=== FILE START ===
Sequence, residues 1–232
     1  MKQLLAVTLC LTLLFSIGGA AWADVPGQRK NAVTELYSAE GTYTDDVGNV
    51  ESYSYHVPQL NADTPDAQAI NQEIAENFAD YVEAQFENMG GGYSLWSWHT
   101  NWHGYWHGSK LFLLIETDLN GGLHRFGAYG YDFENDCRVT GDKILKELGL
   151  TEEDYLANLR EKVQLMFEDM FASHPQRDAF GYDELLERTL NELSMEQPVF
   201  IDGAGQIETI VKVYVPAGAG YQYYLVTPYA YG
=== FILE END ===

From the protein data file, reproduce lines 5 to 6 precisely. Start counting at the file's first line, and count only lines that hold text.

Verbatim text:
   151  TEEDYLANLR EKVQLMFEDM FASHPQRDAF GYDELLERTL NELSMEQPVF
   201  IDGAGQIETI VKVYVPAGAG YQYYLVTPYA YG